TABLE OF CONTENTS I. INTRODUCTION AND THE "RIGHT TO BE FORGOTTEN" PROBLEM II. THE EU PROPOSED REGULATION A. Consent B. Transparency C. Right to be Forgotten D. International Data Transfers E. European Data Protection Board F. Sanctions III. AMERICA'S TARNISHING ABSOLUTISM A. The Rule of Sullivan B. The Rule 0f Daily Mail C. New Rule of American Privacy IV. RECONSTRUCTING PRIVACY V. CONCLUSION I. INTRODUCTION AND THE "RIGHT TO BE FORGOTTEN" PROBLEM
The European Union fired the first shot this year in what pundits are sizing up as a new front in the trans-Atlantic war over the right to privacy. A proposed regulation (1) is likely to become law in some form in the 27-member European Union, and it will supersede the 1995 Data Protection Directive (DPD). (2) The new regulation substantially increases burdens on data handlers, (3) enhancing reporting requirements, toughening the expectation of explicit personal consent to the use of personal data, and giving data subjects more control over their information through rights of revocation and, the flashpoint of intercontinental controversy, the "right to be forgotten." Most importantly, the regulation as proposed would sweep within its ambit for the first time foreign actors who do business in the European Union. Critics, especially in the United States, forewarn of inevitable collision between EU privacy and the U.S. First Amendment. (4)
The simple picture of irreconcilable conflict across the Atlantic conceals nuances on both sides. An observer of American constitutional law from a comparative perspective is impressed on the one hand by the free speech imperative of the First Amendment, of which the firm rule against prior restraint is a part. The imperative posits free speech as the presumptive winner when it comes into conflict with other interests, such as statutory prohibitions, or even with other constitutional rights. (5) To lose out, the free speech claim must be rebutted by countervailing interests, few of which can measure up. (6)
The observer is impressed on the other hand by the weak development in American constitutional law of rights of personality, including reputation and privacy. Lacking the full constitutional gravitas of free speech, these "rights" fare poorly when they run up against the American free speech imperative.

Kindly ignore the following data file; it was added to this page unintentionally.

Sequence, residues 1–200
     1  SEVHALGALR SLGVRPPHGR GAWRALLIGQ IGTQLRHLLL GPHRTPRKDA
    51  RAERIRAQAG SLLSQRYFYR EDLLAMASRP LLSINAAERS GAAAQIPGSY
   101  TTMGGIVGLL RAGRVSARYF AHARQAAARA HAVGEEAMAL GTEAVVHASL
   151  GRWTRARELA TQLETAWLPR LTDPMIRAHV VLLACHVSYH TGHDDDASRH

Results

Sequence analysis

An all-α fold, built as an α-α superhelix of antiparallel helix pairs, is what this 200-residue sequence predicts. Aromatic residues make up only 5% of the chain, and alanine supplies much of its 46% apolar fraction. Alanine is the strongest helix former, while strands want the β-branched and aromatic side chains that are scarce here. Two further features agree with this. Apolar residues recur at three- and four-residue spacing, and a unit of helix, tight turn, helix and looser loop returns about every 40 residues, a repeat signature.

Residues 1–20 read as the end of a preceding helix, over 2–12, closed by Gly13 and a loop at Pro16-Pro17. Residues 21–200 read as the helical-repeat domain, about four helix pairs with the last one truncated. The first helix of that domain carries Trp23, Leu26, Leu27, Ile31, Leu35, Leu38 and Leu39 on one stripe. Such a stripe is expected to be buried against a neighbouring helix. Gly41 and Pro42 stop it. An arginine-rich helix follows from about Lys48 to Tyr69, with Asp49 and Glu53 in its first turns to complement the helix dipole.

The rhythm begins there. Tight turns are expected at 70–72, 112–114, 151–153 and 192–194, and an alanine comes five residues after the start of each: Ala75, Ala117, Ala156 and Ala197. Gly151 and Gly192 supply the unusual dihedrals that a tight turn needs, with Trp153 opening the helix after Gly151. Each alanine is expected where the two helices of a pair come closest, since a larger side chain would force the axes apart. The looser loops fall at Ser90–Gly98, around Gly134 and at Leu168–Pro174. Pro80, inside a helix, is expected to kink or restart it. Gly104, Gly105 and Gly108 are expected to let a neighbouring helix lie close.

Throw into the mix the American affection for laissez faire economic regulation, and the conflict between privacy in Europe and free speech in the United States starts to come into focus. Even supposing that U.S. lawmakers were inclined to regulate the commercial information marketplace, rules that preclude the dissemination of lawfully obtained, truthful information run headlong into the free speech imperative and the rule against prior restraints. The controverted commercial speech doctrine offers some room for an information-regulatory regime in the United States, subject to an intermediate constitutional scrutiny. But the EU system is not confined to the commercial context.
The "right to be forgotten" is one small part of the proposed EU regulation, (7) but it exposes the crux of the problem. Under the proposal, a person may demand the removal of personal information from data processing and dissemination. (8) Prohibiting the subsequent dissemination of truthful information, lawfully obtained, defies the American free speech imperative. Worse from the American perspective, the rebutting privacy claim is not necessarily even an interest of constitutional magnitude. Any reasonably identifying information triggers the EU regulatory framework, (9) because the broader right of personality animates the regulation, not the narrower American conception of privacy in the intimate or "highly offensive." (10)
A recent European case against Google is illustrative. (11) Alfacs Vacances, S.L., operates a campground in Spain at which a horrific propane-truck accident in 1978 incinerated 160 persons and gravely wounded 300 more. (12) Alfacs complained that searches on Google Spain (www.google.es) for the campground in 2005 called up firstly pictures of the blackened corpses with accompanying graphic descriptions of the tragedy, not to mention reports of persistent paranormal reverberations. (13) Alfacs submitted that its business reputation was impugned and customers lost to the tune of 300,000 [euro] in damages. (14) Google asserted a free speech interest in its links and in the ordering of search results. (15) But more importantly, Google Spain, S.L., the respondent within the personal jurisdiction of Spanish authorities, professed that it has no authority or ability to operate the Google search engine, which is administered by the corporate entity Google, Inc., in the United States. (16) A Spanish trial court agreed that Alfacs had sued the wrong party. (17)